When the Cornell dairy plant was demolished last year to make way for a new, improved Stocking Hall facility, Akron, N.Y.-based ice cream company Perry’s was the immediate choice to supply the Cornell campus with the frosty treat.
The Perry family connection to Cornell goes back generations, when Marlo Perry ’35 took knowledge acquired in his dairy science classes back to the family dairy to help his father, Morton, expand the ice cream business he had started in 1932.
The business began as a milk delivery service in 1918. Since then, the family’s entrepreneurial spirit has taken the company into 13 different businesses in its 95 years. Today it produces private label brands for Wegmans Food Markets, Olean Wholesale (Shurfine) and Winn-Dixie. It is an international Fortune 500 company owned by the fourth generation of Perrys. Brian Perry is executive vice president and vice chairman, his brother-in-law Bob Denning serves as president and CEO, and his sister Gayle Perry Denning is director of sustainability. The trio are not only focused on expanding the core ice cream brand outside New York but also on building the private label business and diversifying.
In 2007, Perry’s invested more than $9 million in new equipment, production lines and a frozen warehouse. This plant expansion allowed the company to distribute products to stores for other ice cream and frozen food makers, as well as for Tastykake and Utz.
“We had to take a leap of faith and take advantage of opportunities. You’re always looking for ways to leverage your overhead. Once you do one or two new businesses, you get over the fear of trying it,” says Brian Perry.
Marlo was the first Perry to turn to Cornell for its dairy expertise. Since then, Perry’s has relied on Cornell to provide its employees with regular training and certification in dairy foods processing, high-temperature, short-time (HTST) pasteurization, sanitation and food safety. Perry’s also is supporting Cornell’s development of a food processing technology degree program in partnership with Genesee Community College to further develop the New York dairy workforce.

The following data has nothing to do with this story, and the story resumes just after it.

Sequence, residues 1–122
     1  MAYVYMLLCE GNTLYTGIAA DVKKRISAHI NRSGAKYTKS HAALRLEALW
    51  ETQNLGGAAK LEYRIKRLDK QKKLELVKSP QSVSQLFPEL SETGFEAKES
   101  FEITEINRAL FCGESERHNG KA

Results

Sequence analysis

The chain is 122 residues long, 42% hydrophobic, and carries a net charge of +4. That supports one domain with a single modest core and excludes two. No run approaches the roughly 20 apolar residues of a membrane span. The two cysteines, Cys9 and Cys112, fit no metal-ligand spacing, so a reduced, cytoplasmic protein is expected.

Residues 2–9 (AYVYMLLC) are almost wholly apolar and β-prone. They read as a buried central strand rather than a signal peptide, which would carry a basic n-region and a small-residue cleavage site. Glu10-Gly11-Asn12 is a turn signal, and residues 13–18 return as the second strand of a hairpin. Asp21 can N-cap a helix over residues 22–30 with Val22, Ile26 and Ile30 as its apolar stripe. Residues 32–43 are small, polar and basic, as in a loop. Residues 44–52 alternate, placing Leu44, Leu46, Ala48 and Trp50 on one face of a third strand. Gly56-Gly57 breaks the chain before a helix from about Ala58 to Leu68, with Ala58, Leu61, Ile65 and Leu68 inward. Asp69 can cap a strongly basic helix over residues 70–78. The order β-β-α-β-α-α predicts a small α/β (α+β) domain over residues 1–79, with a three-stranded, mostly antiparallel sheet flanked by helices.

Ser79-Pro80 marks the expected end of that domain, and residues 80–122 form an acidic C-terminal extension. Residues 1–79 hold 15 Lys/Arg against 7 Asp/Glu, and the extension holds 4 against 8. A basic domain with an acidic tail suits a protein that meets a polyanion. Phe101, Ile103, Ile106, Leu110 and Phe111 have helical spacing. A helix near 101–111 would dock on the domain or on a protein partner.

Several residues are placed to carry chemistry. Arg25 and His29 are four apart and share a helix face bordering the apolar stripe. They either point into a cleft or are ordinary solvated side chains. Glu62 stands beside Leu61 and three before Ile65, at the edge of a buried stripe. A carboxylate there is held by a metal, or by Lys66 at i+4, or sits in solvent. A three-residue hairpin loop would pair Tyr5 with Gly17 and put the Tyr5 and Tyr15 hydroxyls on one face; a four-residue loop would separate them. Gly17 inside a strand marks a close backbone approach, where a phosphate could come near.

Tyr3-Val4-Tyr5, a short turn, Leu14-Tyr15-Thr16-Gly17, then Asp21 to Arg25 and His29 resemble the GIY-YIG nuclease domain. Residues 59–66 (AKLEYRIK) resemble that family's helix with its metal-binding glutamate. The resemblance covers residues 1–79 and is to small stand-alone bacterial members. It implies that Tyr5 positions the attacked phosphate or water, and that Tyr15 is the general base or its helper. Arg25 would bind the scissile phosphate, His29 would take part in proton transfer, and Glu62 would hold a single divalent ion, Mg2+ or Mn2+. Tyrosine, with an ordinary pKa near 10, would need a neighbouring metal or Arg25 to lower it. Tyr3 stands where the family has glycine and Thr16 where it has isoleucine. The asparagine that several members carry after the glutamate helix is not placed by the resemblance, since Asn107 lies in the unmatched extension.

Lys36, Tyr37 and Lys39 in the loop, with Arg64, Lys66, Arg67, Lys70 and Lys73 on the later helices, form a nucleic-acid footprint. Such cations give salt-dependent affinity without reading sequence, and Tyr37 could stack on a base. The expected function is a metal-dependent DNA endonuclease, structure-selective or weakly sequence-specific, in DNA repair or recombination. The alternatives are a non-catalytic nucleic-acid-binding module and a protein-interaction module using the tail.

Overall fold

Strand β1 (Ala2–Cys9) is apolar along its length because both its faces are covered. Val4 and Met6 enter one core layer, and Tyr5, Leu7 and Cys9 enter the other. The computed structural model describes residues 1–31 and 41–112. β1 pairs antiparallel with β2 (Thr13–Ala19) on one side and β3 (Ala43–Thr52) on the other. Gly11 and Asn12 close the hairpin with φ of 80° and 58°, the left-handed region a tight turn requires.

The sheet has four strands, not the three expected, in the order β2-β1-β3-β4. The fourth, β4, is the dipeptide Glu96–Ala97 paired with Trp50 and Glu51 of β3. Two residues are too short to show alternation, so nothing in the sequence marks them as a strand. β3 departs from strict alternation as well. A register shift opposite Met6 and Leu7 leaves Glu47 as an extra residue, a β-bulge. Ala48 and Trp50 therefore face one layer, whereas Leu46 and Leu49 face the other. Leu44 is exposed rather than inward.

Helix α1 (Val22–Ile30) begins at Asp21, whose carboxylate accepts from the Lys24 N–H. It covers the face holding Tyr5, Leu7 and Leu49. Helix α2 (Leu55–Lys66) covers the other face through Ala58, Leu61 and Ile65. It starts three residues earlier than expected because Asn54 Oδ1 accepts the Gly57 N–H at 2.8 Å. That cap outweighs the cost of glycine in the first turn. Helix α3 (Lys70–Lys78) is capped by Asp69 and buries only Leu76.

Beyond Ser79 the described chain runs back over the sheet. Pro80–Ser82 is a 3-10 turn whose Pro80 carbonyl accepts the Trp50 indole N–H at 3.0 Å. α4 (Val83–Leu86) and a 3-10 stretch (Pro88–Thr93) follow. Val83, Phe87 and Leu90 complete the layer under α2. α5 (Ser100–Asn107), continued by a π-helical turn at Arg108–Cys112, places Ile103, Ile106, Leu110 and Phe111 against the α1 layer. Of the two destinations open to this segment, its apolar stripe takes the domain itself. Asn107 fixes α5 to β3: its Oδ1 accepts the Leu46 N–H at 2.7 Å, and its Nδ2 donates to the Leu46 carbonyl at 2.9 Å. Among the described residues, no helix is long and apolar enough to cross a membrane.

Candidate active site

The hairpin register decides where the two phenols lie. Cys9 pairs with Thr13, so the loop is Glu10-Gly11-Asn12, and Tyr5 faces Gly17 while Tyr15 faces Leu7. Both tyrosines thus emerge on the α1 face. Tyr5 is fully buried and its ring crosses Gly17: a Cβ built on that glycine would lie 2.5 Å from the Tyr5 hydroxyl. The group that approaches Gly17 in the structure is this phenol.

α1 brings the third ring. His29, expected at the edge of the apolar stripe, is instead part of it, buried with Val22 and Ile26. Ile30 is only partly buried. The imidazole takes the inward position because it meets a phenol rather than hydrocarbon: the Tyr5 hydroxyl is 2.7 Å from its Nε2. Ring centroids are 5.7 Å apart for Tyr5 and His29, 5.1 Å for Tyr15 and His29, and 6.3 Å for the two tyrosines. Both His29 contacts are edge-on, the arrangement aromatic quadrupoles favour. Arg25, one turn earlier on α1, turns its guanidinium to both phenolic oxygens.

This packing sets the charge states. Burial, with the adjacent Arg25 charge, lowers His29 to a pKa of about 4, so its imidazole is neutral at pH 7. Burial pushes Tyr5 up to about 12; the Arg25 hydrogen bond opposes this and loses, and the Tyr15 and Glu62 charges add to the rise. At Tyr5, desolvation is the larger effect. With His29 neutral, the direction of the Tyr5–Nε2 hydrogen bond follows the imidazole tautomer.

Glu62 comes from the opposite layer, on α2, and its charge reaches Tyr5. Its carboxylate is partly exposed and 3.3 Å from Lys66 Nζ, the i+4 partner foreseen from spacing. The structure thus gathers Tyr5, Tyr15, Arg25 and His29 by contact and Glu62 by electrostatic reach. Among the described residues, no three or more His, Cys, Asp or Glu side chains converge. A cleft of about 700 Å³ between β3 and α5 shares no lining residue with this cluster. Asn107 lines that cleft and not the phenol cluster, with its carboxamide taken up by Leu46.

“My grandfather’s Cornell education and the connections he made there were instrumental at that time in helping a relatively new product, and business, succeed. If you put all the pieces together, we continue to work with Cornell a lot today,” Brian Perry says.
Supplying the campus with ice cream, and consulting with Cornell dairy plant manager Jason Huck on plant design and processes, also has been a touching experience for Perry: “It will be kind of bittersweet when the new plant opens. But I see an ongoing relationship here and I can’t wait for the ribbon-cutting.”
Renovated dairy plant on track
According to Huck, the first phase of the $105 million renovation of Stocking Hall will be complete by late spring, with dairy plant personnel expected to move back into Stocking Hall around May 20; ice cream will begin to be produced in the new dairy plant sometime in June. Cornell Ice Cream won’t be served, though, until the Dairy Bar’s grand opening event, set for the beginning of the fall 2013 semester, Huck says, which will give the new facility the chance to build up its inventory.
The Cornell Dairy Plant therefore will continue to partner with Perry’s Ice Cream throughout the summer, Huck says, to supply premium New York state ice cream to the Dairy Bar scoop shop.
Perry is already planning for the upcoming transition. He’d like to help bring allergen production scheduling to Cornell’s food safety curriculum, and views Cornell’s College of Agriculture and Life Sciences (CALS) as a strategic partner in helping Perry’s position food manufacturing as a viable career for young, potential employees in the region.
“It’s been an honor for Cornell to collaborate with Perry's over the past 80 years. More recently, Perry’s input into redesigning the Stocking Hall dairy plant has been indispensable,” says Kathryn J. Boor, the Ronald P. Lynch Dean of the College of Agriculture and Life Sciences. “These new facilities will directly benefit Perry’s and our other dairy industry partners. And in turn, these companies allow CALS to extend its reach further and do more to bolster New York’s recent dairy boom and its successful expansion.”
Sarah Thompson is a freelance writer based in Trumansburg, N.Y.